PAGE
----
Obsession With Spies

At speaking event, a reader who has read several of my books asked me, if I was obsessed with spies and, if so, why?

Obsessed with, no. Concerned about, yes.

Of what I call the “Big Four,” two – John Walker and Jerry Whitworth – worked together. Walker sold highly classified acoustic data we had and were collecting on Soviet submarines and then later, cryptographic keys. He recruited Jerry Whitworth before he retired from the Navy to continue to give him cards used to set-up up the machines to code and decode messages.

During the Cold War, Soviet submarines were very noisy and the Soviet’s didn’t have the sophisticated sonar equipment to listen, track and classify by hull, the sound emanating from each sub. We did.

From the acoustic data Walker gave the Soviets, over time, they were make their subs much quieter, making it harder for us to track, and in time of war, sink. As part of the material he passed to them was the capabilities of a network of acoustic sensors called SOSUS, an acronym for Sound Surveillance System. SOSUS arrays were floating in the deep sound channel from the U.S. and friendly nations and enabled us to monitor Soviet surface and submarine movements around the world. Thanks to Walker, the technological edge our submarines enjoyed in sensors and noise reducing technology went away.

Equally damaging was the transfer of cryptographic keys. What he gave the Soviets who first through the U.S.S. Pueblo seized by the North Koreans and later through machines captured by the North Vietnamese, was the ability to decode encrypted messages in near real time. There’s no doubt in a lot of analyst’s minds that the Pueblo was seized to give the Soviets access to the message traffic, the equipment and its operating manuals.

Think of the advantage Allied code breakers had because we were able to break the German and Japanese codes. If we had gone to war with the Soviet Union before Walker and Whitworth were arrested, the Soviets would have had the same advantage over us we had over the Germans and Japanese and it could have been catastrophic.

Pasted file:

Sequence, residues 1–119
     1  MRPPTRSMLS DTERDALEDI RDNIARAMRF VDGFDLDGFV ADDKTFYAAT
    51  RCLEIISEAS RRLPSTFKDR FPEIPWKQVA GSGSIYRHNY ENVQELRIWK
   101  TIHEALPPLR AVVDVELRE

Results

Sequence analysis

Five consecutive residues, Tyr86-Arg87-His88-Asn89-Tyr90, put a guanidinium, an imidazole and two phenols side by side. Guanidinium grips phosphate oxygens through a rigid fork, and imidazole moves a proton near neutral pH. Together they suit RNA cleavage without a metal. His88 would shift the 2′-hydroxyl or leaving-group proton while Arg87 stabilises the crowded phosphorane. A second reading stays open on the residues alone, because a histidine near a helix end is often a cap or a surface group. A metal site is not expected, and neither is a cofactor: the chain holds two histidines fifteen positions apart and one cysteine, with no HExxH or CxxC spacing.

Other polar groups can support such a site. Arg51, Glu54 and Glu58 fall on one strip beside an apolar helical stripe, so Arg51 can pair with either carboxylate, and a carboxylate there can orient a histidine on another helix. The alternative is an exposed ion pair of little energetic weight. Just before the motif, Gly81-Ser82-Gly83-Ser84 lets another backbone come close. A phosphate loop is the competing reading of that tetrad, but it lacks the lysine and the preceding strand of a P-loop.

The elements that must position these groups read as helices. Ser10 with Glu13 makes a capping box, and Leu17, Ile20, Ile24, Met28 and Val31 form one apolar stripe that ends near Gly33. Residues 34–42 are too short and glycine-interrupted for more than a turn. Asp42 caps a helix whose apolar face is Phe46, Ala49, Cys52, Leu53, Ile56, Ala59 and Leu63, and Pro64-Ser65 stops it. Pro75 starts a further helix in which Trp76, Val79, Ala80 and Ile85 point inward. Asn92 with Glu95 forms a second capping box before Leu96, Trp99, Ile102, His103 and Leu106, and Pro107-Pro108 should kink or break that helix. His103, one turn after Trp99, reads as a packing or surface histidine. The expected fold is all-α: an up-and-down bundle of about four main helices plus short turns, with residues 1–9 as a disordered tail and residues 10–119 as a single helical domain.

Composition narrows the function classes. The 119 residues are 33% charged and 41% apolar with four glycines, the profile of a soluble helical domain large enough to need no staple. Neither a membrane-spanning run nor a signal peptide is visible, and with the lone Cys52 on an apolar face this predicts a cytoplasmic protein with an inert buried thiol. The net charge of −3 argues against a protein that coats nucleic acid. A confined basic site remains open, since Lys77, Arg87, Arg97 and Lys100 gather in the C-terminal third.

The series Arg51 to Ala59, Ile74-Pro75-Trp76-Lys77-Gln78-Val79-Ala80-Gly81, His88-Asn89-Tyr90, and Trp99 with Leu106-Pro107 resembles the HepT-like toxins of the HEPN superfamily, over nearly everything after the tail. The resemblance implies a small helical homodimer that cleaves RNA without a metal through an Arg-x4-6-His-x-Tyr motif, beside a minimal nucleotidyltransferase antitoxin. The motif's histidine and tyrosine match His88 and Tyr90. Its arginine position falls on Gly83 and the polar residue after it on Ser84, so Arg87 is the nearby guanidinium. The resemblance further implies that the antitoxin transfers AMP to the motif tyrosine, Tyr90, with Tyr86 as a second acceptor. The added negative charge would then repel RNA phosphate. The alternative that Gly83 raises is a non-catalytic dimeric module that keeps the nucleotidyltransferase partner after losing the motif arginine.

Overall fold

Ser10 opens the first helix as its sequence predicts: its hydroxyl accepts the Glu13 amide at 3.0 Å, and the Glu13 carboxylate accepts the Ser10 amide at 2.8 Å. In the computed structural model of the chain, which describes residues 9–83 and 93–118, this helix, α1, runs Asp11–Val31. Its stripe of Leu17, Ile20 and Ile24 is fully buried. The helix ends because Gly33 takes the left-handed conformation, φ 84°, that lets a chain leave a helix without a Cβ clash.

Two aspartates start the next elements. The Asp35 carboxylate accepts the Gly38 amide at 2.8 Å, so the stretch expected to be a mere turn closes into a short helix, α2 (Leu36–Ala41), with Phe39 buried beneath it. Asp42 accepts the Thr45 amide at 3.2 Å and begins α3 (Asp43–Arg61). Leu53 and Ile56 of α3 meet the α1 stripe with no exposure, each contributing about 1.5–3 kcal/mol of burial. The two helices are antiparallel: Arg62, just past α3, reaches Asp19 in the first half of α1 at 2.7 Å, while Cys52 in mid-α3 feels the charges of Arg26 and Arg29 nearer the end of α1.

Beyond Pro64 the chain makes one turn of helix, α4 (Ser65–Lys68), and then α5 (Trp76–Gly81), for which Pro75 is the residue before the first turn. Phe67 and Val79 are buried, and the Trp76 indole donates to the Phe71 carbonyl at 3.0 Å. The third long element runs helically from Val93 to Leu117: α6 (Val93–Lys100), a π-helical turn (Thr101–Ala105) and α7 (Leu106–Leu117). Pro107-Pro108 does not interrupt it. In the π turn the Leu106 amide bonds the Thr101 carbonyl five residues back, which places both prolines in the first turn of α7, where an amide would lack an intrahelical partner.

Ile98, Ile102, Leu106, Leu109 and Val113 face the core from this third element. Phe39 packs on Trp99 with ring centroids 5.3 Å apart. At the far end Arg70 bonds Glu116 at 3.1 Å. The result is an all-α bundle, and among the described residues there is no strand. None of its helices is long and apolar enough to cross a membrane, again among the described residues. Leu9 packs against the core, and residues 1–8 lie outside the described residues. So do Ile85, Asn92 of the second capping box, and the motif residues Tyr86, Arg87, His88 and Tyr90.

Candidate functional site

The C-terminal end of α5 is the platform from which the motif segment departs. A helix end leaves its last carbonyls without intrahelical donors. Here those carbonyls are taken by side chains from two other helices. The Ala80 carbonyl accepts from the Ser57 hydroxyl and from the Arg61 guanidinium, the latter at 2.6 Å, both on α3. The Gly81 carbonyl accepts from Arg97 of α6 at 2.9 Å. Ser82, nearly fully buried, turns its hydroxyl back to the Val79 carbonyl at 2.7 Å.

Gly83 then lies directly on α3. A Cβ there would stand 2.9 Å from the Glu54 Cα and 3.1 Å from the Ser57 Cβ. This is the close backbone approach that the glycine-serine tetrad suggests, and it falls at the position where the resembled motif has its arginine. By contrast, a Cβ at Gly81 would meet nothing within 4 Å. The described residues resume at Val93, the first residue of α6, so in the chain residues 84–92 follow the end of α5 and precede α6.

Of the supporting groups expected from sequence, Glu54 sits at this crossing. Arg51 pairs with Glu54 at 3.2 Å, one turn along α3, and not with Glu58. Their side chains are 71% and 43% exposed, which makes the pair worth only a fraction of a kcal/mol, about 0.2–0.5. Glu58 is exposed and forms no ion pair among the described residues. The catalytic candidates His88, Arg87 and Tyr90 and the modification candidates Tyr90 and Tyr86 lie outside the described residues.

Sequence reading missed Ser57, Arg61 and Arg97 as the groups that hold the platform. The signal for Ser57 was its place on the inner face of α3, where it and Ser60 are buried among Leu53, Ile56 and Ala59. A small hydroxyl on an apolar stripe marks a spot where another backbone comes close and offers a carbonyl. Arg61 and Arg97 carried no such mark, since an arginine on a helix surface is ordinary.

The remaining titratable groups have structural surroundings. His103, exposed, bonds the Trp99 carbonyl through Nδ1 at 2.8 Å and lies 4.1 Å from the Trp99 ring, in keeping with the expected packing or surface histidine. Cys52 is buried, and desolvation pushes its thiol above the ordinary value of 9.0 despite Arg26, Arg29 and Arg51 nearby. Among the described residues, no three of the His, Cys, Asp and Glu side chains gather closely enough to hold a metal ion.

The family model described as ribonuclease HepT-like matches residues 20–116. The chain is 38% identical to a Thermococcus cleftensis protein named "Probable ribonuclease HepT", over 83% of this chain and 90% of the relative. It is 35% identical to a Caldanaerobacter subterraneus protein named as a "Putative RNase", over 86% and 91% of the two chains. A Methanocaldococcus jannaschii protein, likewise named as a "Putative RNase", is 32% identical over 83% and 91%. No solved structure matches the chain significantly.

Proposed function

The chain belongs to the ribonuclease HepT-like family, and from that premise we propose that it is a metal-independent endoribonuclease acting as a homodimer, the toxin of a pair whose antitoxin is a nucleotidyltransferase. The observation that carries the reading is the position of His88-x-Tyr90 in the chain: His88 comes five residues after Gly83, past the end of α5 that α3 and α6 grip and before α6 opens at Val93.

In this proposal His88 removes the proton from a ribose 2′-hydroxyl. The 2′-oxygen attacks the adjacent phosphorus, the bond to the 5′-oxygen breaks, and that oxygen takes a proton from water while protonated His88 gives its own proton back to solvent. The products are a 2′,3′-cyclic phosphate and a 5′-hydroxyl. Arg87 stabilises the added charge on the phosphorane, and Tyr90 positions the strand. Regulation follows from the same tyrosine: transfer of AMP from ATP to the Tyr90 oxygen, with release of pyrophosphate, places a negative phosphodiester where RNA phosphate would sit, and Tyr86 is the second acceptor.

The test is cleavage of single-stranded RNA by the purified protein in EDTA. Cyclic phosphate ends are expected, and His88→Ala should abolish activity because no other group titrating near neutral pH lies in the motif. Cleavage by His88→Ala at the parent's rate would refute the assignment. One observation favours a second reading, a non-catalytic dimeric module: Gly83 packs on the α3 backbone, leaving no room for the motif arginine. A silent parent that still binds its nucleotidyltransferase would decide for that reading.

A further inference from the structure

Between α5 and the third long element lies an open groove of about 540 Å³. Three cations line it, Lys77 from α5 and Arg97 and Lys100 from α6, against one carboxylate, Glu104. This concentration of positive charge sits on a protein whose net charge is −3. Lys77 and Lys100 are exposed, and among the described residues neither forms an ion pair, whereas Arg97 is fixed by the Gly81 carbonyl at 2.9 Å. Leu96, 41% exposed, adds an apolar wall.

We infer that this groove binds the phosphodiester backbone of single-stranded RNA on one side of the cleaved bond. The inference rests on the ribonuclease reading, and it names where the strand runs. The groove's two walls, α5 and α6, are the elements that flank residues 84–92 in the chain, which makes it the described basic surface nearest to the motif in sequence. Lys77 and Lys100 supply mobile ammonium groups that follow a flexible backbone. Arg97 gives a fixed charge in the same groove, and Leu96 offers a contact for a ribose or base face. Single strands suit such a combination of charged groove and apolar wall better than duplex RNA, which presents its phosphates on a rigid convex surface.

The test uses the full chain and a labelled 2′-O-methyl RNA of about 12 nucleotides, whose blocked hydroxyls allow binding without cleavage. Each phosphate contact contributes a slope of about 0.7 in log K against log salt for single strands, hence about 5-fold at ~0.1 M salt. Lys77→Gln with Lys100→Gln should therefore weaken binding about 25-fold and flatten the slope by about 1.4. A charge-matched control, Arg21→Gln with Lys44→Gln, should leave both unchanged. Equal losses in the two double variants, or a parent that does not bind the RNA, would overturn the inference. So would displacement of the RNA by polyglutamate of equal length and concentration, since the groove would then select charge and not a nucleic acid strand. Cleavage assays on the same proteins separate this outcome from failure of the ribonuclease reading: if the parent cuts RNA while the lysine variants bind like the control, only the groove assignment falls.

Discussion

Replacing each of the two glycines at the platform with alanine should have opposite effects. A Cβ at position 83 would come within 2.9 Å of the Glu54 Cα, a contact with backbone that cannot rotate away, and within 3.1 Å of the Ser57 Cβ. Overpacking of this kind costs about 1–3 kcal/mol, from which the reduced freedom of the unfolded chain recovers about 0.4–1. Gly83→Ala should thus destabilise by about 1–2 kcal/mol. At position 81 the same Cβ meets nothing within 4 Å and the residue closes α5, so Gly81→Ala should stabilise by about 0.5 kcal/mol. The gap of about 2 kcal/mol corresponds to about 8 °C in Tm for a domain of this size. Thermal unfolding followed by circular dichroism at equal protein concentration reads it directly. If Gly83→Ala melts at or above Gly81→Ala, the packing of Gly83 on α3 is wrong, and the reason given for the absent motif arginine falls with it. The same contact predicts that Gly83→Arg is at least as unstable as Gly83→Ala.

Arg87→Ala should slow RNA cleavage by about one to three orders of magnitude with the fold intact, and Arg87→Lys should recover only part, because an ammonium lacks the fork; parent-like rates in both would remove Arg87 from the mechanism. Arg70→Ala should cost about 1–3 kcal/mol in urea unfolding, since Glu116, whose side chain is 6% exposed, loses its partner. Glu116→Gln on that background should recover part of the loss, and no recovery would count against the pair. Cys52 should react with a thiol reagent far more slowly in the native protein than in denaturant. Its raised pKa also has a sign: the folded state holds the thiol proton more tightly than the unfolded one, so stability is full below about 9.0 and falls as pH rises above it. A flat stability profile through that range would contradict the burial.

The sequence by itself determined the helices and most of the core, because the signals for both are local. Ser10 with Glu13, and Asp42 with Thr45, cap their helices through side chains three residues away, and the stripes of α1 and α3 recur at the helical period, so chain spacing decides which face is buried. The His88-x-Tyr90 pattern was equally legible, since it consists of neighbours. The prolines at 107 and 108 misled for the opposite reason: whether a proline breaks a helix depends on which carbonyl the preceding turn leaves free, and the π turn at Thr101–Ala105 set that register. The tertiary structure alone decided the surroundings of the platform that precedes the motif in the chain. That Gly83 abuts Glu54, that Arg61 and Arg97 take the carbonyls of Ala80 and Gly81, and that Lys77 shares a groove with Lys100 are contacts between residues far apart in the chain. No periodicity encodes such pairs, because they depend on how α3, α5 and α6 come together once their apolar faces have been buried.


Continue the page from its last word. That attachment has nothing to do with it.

Robert Hanssen and Aldrich Ames hurt us in a different way. The book Circle of Treason written by the two CIA officers who unmasked Ames, details the Soviet officers who were passing us classified information. Ames single handedly destroyed our network of spies at high levels in the GRU – Soviet Military intelligence, the KGB and other Soviet ministries. The public perception is he only gave up a few, but after reading Circle of Treason, the number is north of thirty and the real number is unknown.

Hanssen was an FBI agent who worked in counter intelligence. He revealed a small number of agents working for the U.S., but more importantly, he gave the Soviets vital information on surveillance methods, recruiting techniques and other secrets affecting our ability to collect information on our adversaries.

So where are these four men today? Walker died in prison in 2014. Whitworth began serving a 365-year sentence in 1987. In 1994, Aimes was tried, convicted and is serving a life sentence without the possibility of parole. In 2002, Hanssen was given a 45-year sentence and is being held in solitary confinement twenty-three hours a day.

The activities of all four of these men spanned my Navy career. What they gave up could have gotten me and many of my friends killed. So now you know.

Marc Liebman

September 2017

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